THE CEMETERY.—-On Monday evening, the 15th, in response to an invitation from the Rector, a very large and representative meeting was held to consider the present condition and the future of the Cemetery. All who have any affection or respect for the departed have no doubt felt that some little self-sacrifice is due to their memory. The case stands thus in 1859 the Rector, Rev. H. Lawes gave three acres of land for an additional burial ground. However, after making a present to the parish of over £200, he did not undertake to keep their burial ground in good order for them. Those were in the days of Church Rates, and by means of a d. rate the land was walled in and partly drained. No doubt it was thought a small Church Rate would keep it in order. Then Church Rates were abolished; hence private subscriptions were collected from time to time; ultimately these failed. After that a collection was made in church at Easter amounting to about £2. Then the present Rector gave up all his fees amounting to about £5 a year. Mrs. Sharp also made a donation. However, all this is not only insufficient, but altogether wrong. The burial ground is common ground for all; whether people can agree together on earth or not, they will have to lie together in death; therefore all ought to help keep it in order. Anybody may be buried there, and any religious service may be used, provided it is reverent, by any respectable man. About £50 is required this year, and about £20 would he sufficient afterwards; a small voluntary rate would easily meet the matter, but this did not seem to find favour. The Rector offered to hand over the whole ground with his fees to the Parish council. However, at present it appears illegal for the Rector to make this offer or for the Parish Council to accept it. In the mean time at the suggestions of a committee, the Rector is corresponding with the Local Government Board, and the Cemetery remains as it was.
Two missionary meetings have been held during this month, at which lectures were given with a magic lantern by Rev. J. Perkins, minor Canon of Ely—collected at S. Owen’s, 7s. 6d at Pymoor 6s.
A most interesting letter has been received from Mr Cook from India, which is sure to be of interest. Here it is:-“My dear Rector…….I am able to give some account of what my work will be. The chief centre is called Salahonia, and it is one of the wildest of the places of which I am to have the care. First we go about eight hours journey by train, and then if we make a quick journey, we could reach the place in about twelve hours in a boat. We lived for a week in our boat, which was roofed over, and had our meals cooked in another boat. At Salahorsia we first of all sent notice of our arrival, and of a service of p for the Holy Communion. Our rule is not to allow any to come to the Holy Communion unless they have been at the preparation service, so those who meant to communicate Caine to the Saturday service; they consider it a punishment to be shut out from holy Communion. But few of these people understand English, so the services were performed b Mr. Duffadar, a Bengali deacon. I was able to say the priest’s part in Bengali having practised beforehand, I spoke a few words at evensong which were interpreted to the people. There is no Church yet in this district. Services are held in the schools, these are all built on a platform pf class, beaten hard and raised about three feet as the ground is at times very wet, the roof is of thatch supported by posts, the ridge pole is curved like a pig’s back, and the eaves reach nearly to the ground. The scholars and the congregation sit on the floor on mats, and those who have boots take them off before they come in. These schools cost about £5 each, and will seat thirty or forty children. Sitting outside the school of Salahonia I could think myself back again at Downham in the fields beyond fourth drove. The rice fields are quite flat,’ and the little farms with trees round them are very like fen country. But life in the fens of Bengal is not quite so easy as in Cambridgeshire. There is likely to be distress in this coming year owing to the failure of the rice crop. Sometimes they suffer from floods. The father of one of the chief farmers came to Salabonia on a raft in one such flood from quite a different part of the country, and settled where the flood landed him. There are many tigers in the wild near the villages. We went to one place where the people had been driven out by tigers, and have only lately begun to go back again. When they went back they found the skulls of the former settlers whom the tigers had eaten. In another place two women went to draw water from the river and slipped over a log as they thought, but it turned out to be a crocodile, and they had to escape for their lives. We saw several crocodiles on our voyage down the river. When the Bishop came for a Confirmation he heard the cries of the tigers in the jungle. So the people meant what they said when they asked us to pray for them. Downham is often in my mind and I value the monthly prayer as a link with you all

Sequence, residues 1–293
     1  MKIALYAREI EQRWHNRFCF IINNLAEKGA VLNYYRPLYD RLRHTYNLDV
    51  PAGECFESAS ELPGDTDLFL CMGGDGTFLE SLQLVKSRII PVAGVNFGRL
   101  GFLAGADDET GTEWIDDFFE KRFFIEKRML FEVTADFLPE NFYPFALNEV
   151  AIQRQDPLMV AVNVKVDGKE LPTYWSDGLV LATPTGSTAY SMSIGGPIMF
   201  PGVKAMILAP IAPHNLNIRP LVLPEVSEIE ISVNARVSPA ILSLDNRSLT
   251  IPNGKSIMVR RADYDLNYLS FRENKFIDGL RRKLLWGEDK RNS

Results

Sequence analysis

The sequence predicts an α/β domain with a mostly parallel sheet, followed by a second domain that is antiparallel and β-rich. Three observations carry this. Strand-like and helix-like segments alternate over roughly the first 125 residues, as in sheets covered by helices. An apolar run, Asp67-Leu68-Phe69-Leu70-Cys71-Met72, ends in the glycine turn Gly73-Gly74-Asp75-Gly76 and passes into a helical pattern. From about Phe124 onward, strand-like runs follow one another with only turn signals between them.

Our last Concert was very successful. All the parts were well done, and an immense amount of enjoyment was afforded to the audience.
The next Concert will be on Monday, April 25th, for which Mr. Vallis’ Nigger Troupe are making great preparations.
THE election of a Parochial Council took place on March 15th. The Rector, not being a candidate, occupied the chair. The meeting was characterised by good humour and common sense. The whole of last year’s Council was reelected. Some alterations have been made in the procedure, giving the Chairman more authority in checking reckless demands for a poll. Thus a good many unnecessary elections will be avoided.